- Inviting them to your project management tool
- Adding them to your communications platform (with access to the right channels)
- Creating their email account, with up-to-date email addresses of team members they’ll communicate with
- Including them on your “team” page
Similarly, make sure your HR managers have accurate personal information for your new hires. Your new recruits will expect to be paid exactly when you said they will. Prevent any speed bumps by collecting this information and preparing a contract to sign on their first day.
5. Introduce them to the team
New job anxiety typically festers in uncertainty about who they’ll be working with. Introduce new starters to co-workers without overwhelming them with formal and informal activities, such as:
- Inviting new hires to your next team meeting
- Giving them a tour of the building, show them around your workplace, and introduce them to your team
- Organizing small group tasks with your new hire and existing staff
- Holding a team quiz
- Crafting a fun welcome post on your company’s social media channel
“A helpful method of helping new hires get rid of the first-day jitters is to give them a warm welcome by providing a full workplace tour,” says Kathryn McDavid, founder and CEO of Editor’s Pick.
“Along the way, introduce the employees to them. Don’t let the new hire figure out the whole process by themselves. If you, as an executive, are too busy to handle their onboarding, then designate a buddy for them.”
6. Assign a mentor
Mentoring pairs a confident co-worker with a new starter and can help your new hire meet someone who has already been in their shoes. Both can agree on targets and review progress, supporting your new hire to become a happy member of the team as quickly as possible.
Nunzio Ross, CEO at Majesty Coffee, does this with a workplace buddy—someone “who can teach them the ins and outs of the company, introduce them to the workplace culture, and help them acclimate with their colleagues is a great way to eliminate first-day jitters.
“This approach also helps establish trust in the workplace, creating a more welcoming environment for new hires,” Nunzio says. “It translates positively into the employee experience and the workplace culture the company fosters for its workforce.”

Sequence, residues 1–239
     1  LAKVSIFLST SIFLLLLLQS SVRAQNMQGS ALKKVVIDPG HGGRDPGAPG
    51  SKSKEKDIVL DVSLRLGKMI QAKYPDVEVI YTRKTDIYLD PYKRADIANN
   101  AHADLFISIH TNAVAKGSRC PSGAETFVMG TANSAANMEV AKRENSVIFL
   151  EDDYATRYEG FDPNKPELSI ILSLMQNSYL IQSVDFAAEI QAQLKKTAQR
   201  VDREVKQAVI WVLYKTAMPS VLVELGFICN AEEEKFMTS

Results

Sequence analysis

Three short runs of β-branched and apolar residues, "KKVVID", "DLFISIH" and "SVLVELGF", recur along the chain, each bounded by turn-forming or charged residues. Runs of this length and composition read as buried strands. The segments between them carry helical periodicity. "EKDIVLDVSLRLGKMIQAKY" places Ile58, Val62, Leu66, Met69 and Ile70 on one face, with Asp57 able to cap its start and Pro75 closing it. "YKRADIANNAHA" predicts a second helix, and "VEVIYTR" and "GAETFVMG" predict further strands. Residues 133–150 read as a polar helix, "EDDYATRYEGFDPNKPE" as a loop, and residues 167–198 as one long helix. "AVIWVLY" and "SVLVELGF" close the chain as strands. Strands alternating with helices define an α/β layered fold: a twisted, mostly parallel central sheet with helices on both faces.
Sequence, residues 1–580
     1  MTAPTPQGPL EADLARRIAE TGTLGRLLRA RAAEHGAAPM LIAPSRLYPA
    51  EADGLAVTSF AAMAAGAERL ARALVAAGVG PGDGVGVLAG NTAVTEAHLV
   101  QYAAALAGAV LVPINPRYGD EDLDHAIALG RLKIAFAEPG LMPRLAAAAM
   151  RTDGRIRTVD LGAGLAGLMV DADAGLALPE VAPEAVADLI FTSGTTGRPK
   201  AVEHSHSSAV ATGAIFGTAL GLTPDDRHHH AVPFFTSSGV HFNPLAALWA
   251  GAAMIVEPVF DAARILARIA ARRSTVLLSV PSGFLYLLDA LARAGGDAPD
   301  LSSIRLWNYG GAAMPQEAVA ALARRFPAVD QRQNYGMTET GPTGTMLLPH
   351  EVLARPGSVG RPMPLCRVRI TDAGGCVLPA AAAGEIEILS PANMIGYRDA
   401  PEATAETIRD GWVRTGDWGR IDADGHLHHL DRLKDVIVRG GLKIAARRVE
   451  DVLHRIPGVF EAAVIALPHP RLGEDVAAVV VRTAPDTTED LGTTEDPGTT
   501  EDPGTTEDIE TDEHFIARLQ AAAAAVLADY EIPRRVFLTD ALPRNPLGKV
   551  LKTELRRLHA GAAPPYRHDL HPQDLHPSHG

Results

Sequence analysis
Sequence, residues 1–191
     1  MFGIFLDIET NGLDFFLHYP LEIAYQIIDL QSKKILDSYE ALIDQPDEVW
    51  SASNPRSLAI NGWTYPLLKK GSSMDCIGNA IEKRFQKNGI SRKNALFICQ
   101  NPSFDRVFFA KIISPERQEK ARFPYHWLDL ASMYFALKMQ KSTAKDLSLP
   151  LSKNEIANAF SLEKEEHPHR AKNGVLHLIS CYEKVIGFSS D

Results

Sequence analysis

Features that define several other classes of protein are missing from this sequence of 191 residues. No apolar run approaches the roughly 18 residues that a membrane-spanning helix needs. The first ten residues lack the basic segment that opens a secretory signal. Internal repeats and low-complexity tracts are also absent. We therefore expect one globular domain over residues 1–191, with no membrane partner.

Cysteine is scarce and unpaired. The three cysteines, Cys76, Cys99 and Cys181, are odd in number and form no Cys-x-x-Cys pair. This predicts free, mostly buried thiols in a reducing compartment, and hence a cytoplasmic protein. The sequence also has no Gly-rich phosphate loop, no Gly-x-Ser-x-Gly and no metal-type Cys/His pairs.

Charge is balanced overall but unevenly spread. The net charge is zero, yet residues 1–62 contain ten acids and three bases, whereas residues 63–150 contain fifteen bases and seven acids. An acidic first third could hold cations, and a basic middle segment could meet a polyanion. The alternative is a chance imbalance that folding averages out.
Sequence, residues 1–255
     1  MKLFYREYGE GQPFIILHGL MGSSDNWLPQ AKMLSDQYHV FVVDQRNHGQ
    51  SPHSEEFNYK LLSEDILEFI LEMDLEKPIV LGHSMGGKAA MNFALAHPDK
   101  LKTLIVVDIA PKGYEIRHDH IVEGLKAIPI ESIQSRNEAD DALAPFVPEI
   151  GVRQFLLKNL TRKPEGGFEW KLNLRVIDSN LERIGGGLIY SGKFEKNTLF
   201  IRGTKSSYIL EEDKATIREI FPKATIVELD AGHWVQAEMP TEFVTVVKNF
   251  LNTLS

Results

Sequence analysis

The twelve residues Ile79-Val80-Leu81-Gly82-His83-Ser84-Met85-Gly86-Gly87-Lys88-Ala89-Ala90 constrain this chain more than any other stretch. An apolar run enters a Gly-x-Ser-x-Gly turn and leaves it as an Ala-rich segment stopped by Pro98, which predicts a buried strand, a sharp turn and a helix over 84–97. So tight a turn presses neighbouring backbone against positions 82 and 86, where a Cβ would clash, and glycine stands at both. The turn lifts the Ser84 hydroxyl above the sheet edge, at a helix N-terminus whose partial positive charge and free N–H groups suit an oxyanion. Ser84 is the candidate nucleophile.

It’s no wonder 67 percent of businesses report an increase in productivity due to mentoring, with one report even concluding “there is a positive impact of mentoring on the creative performance of mentors.”
7. Invite them to your learning management system
Employees who say they have a clear plan for their professional development are 3.5x more likely to agree that their onboarding process was exceptional.
Introducing skills-based learning—where future training is geared towards improving their existing skillset—is a foolproof way to build motivation. After all, we all find it easier to do things we’re good at.
To reduce first-day jitters, let your new hire dig through your learning management system (LMS) before their first day. Invite new colleagues to WorkRamp as soon as their job offer is accepted and prevent them from feeling like they’re entering the unknown on their first day.
8. Do something fun
Finishing the first day at a new job is a relief. Celebrate together by organizing an after-work social event or midday lunch at a nearby restaurant.
Show your new hire what’s important–from having great working relationships to planning quality time away from work. Reinforce the philosophy of being human first, and professional second.
9. Check in with new hires regularly
The first few weeks in a new role can be especially challenging. Checking in on a regular basis is a great opportunity to ask questions, ease jitters, and resolve any unmet needs (for both parties).
Allow time in your schedule to check in with new hires at the end of their first day, week, and month. Delve into how things are going, learn more about their performance, and review any necessary items together. It’s a simple way to build trust, get to know each other better, and ease their anxiety.
Make your new hires feel welcome
Leaders and managers have a responsibility to ensure new hires feel safe and comfortable. Easing first-day jitters is possible with careful planning.
Whether you’re onboarding virtually or inviting them to the office, new hires are likely to settle into their role quickly, become an asset to your team, and stay for the long run — especially if their first few months are a positive experience.
Make learning and development a priority for your new hires with WorkRamp’s All-in-One Learning Platform. Contact us to schedule a free demo.